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Sygnum was the first Swiss bank to enter the metaverse. How interested would you say the Swiss banking sector is in the metaverse?

There is a certain amount of curiosity about this topic, but on the whole, it’s not a strategic priority for the banks right now.

We are currently in the midst of the second metaverse wave. While the first wave consisted almost exclusively of a second life for gamers, now the economic sector appears to be increasingly interested in it as well. Is the metaverse set to go mainstream this time around? And which sectors will be affected most, both positively and negatively?

A number of uncertainties have yet to be resolved, and the technology is still very young. It’s true that the big tech companies are investing a lot of money in developing their own metaverses, and a number of artists have already demonstrated that the topic has great potential, including from a commercial perspective. But as things currently stand, we are really only in an initial experimental phase, and the results are sobering in some cases.

The banks venturing into the metaverse for the first time are primarily based in South Korea or the English-speaking world. Is the financial market in Switzerland tending to wait and see what experiences others have first?

Yes, that does appear to be what’s happening right now. But even in Korea and English-speaking countries, only a very few banks are actively addressing the topic right now.

“Neither banks nor an overwhelming share of their customers are concerned with the metaverse for now. Web 3.0 remains a long way off.”

– Prof. Dr. Andreas Dietrich

Virtual branches tend to be associated with neobanks and very digital-savvy customers. How much sense do you actually think it makes for traditional banks to get involved in the metaverse? Are the banks the ones who aren’t ready, or is it the customers?

Right now, traditional banks are still working on the transition from Web 1.0 offerings, such as websites and e-banking solutions, toWeb 2.0 services with modern communication options that are compatible with  smartphones, like chatbots. So, Web 3.0 development, which is still having very little impact rightnow, remains a long way off for most institutions. Neither banks nor an overwhelming share of their customers are concerned with this topic for now. In this respect, this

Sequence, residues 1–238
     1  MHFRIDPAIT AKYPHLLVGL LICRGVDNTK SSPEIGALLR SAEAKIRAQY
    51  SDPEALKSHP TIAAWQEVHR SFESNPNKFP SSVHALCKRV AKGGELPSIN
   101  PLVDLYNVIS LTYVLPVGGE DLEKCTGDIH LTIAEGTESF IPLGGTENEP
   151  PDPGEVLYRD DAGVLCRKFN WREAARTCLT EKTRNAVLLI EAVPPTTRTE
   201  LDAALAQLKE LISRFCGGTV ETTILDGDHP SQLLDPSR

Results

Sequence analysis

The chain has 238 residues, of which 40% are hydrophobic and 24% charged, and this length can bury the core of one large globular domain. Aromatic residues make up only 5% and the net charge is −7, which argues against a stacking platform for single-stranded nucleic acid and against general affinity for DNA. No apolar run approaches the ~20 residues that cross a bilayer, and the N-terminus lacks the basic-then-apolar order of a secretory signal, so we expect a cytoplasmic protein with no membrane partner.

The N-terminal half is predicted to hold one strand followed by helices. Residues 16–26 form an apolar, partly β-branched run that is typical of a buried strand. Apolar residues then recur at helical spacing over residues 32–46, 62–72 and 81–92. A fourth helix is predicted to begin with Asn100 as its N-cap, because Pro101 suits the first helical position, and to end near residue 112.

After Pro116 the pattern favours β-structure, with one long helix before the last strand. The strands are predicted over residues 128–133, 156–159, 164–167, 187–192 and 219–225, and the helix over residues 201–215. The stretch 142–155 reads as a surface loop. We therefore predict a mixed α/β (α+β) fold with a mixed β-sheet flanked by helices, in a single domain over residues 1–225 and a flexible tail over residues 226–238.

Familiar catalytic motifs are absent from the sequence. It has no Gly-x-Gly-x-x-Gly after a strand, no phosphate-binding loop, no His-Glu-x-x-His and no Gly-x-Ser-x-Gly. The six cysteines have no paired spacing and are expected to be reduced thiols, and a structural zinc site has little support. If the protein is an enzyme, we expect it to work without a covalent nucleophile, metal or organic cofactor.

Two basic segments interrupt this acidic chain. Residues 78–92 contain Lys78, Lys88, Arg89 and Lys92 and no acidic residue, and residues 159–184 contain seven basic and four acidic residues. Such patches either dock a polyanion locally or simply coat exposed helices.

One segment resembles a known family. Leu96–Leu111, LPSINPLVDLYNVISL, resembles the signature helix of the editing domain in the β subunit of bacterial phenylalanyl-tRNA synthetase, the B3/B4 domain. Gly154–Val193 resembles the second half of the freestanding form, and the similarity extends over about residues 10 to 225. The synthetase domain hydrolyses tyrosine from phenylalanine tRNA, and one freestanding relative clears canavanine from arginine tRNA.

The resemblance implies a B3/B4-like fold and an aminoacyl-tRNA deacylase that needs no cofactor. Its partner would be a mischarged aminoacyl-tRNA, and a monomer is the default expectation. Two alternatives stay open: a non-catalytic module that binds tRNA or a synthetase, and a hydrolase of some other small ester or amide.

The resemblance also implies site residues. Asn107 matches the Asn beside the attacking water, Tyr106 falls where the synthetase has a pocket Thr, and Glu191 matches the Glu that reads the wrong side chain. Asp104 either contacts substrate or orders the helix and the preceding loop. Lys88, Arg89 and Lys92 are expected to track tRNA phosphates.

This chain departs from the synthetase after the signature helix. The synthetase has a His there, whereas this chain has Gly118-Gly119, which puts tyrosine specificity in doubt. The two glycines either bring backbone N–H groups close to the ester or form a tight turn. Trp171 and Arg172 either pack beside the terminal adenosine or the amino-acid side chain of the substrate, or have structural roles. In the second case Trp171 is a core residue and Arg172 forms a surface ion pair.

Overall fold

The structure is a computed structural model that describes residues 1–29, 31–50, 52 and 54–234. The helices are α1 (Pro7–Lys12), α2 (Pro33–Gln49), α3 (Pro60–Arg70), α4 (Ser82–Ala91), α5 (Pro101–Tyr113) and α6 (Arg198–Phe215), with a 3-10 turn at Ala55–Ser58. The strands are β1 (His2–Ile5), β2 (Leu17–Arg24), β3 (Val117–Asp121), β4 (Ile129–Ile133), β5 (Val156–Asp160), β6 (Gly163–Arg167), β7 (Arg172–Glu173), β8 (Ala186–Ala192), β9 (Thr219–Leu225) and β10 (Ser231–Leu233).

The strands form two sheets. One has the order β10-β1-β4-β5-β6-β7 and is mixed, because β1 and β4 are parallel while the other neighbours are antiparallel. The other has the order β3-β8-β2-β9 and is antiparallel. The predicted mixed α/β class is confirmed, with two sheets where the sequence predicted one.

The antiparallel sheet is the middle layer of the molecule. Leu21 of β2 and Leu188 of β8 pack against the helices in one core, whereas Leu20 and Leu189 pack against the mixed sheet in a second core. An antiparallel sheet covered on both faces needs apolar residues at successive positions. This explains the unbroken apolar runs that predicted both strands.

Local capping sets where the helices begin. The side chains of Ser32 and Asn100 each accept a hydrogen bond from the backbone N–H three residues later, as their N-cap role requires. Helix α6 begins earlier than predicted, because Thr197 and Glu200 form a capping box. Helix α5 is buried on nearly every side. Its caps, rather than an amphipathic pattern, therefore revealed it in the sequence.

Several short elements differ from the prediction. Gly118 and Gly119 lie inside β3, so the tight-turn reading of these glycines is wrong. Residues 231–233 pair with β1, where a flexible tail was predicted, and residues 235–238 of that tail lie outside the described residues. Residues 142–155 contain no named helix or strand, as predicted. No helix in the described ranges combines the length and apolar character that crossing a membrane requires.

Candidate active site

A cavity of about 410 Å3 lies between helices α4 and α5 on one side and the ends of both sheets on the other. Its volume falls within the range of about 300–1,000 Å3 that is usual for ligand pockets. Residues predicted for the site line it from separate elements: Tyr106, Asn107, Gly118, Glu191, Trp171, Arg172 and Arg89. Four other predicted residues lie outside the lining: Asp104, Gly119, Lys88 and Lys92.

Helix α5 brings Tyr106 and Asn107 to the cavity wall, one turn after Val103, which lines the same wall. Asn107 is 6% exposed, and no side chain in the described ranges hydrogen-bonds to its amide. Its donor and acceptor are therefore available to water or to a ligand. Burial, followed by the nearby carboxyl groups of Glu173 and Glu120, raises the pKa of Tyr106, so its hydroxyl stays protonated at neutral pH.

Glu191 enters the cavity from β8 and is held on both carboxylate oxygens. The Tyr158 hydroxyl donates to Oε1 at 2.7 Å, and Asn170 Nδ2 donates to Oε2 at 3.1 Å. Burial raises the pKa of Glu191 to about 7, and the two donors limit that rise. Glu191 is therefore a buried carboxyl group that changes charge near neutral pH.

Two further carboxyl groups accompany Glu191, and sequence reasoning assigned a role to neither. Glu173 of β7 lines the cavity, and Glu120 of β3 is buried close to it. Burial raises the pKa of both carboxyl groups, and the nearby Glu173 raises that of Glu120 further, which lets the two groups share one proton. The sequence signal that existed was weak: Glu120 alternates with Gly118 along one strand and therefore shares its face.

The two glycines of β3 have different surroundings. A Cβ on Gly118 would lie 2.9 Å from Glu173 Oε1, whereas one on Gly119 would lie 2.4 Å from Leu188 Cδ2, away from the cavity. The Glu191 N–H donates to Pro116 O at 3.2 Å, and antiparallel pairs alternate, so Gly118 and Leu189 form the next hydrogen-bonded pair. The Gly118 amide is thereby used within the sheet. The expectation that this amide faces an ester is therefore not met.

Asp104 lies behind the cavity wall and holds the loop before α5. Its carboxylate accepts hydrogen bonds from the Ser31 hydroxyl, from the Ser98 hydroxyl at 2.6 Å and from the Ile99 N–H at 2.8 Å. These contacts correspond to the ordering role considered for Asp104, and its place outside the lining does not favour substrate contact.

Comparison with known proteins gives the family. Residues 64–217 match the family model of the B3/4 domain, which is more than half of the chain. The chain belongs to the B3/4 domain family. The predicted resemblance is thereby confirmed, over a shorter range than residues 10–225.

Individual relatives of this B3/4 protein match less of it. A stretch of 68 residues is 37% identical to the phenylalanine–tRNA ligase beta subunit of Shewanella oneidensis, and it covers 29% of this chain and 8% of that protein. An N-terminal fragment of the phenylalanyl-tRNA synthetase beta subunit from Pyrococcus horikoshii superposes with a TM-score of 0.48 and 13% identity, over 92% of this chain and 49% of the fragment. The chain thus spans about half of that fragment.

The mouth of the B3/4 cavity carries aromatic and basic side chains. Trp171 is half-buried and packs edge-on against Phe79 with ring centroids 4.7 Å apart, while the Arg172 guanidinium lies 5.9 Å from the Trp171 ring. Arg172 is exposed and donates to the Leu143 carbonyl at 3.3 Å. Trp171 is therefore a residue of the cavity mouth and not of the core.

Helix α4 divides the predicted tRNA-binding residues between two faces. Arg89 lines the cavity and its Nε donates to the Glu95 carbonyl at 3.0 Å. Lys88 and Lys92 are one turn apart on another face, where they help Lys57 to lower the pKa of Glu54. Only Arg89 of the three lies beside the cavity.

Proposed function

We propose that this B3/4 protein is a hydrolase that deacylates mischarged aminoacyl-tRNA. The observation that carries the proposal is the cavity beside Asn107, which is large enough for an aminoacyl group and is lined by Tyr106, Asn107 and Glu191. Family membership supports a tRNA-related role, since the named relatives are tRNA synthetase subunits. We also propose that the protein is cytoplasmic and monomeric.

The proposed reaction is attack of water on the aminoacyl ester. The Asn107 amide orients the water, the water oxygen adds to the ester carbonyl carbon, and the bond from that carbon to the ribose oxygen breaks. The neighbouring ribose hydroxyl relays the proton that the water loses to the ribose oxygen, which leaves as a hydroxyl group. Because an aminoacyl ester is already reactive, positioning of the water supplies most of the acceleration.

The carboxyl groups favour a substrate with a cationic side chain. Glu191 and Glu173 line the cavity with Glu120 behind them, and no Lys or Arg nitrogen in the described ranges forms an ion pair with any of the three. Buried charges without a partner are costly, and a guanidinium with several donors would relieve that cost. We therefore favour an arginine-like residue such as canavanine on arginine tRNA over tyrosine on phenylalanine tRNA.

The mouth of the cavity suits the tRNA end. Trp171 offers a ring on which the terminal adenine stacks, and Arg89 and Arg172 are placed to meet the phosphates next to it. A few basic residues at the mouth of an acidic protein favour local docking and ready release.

What tangible opportunities does the metaverse offer banks?

I think there will be a range of different possibilities over the long term. The metaverse could be helpful when buying and selling actual real estate. If someone is interested in purchasing a property, they could take a hybrid tour in real time that is supplemented by elements of virtual and augmented reality – in other words, a virtual tour with a real estate agent. The lending business could potentially gain in importance via the metaverse as well. Besides this, the metaverse gives banks new touchpoints for interacting with their customers: Meetings in virtual branches can offer banks an interesting opportunity to provide more personal encounters that feel more “physical” – rather than phone calls or online consultations – and to consolidate relationships. What’s more, digitaland NFT-savvy customer groups will start to enter the metaverse more and more as time goes on. Opportunities to make contact in the new virtual worlds can definitely be relevant for customers like these. Banks can assume the role of establishing a connection between the physical and virtual world that is as seamless as possible by offering banking products to gaming platform operators, for xample. Entertainment is another factor that shouldn’t be underestimated, because bank events could be hosted in the metaverse just like parties or a Snoop Dogg concert.

And what are the risks?

At the end of the day, the key factors are when the technology is mature, the point at which mainstream customers will also start using such opportunities, and how banks can (potentially) operate not only in the regulated real world but also in the metaverse. This involves compliance risks as well. Generally speaking, a question that needs to be answered is whether customers who “do business” in the metaverse will do so via traditional banks – or whether there will then benew providers in the metaversewho are able to offer this type of banking services moreeffectively. There is also a certain “risk” that banking could be merely “embedded” in the  metaverse. 

“Digital- and NFT-savvy customer groups will start to enter the metaverse more and more as time goes on. New opportunities to make contact in the new virtual worlds can definitely be relevant for customers like these.”

– Prof. Dr. Andreas Dietrich

Let’s talk about the digital customer experience: After all, many banks are already offering a solid range of digital services in the form of digital onboarding, online consultations, and co-browsing. So, to what extent can a metaverse branch offer customers additional value beyond this?

Good question. At the moment, the future transition from a mobile banking app to a virtual branch is stillunclear. In which use cases will the customer  continuewith the two-dimensional world of the banking app? When will they want to meet a customer adviser in  person? And when and why will they use the metaverse, if they in fact do so at all? The metaverse – or a more mature version of it than the one we have today – promises a better customer experience than a twodimensional video call does. But for now, it’s still difficult to say whether it will be suitable not just for parties and concerts but for financial consultations as well.

This article was part of the latest ti&m special «Digital Banking»

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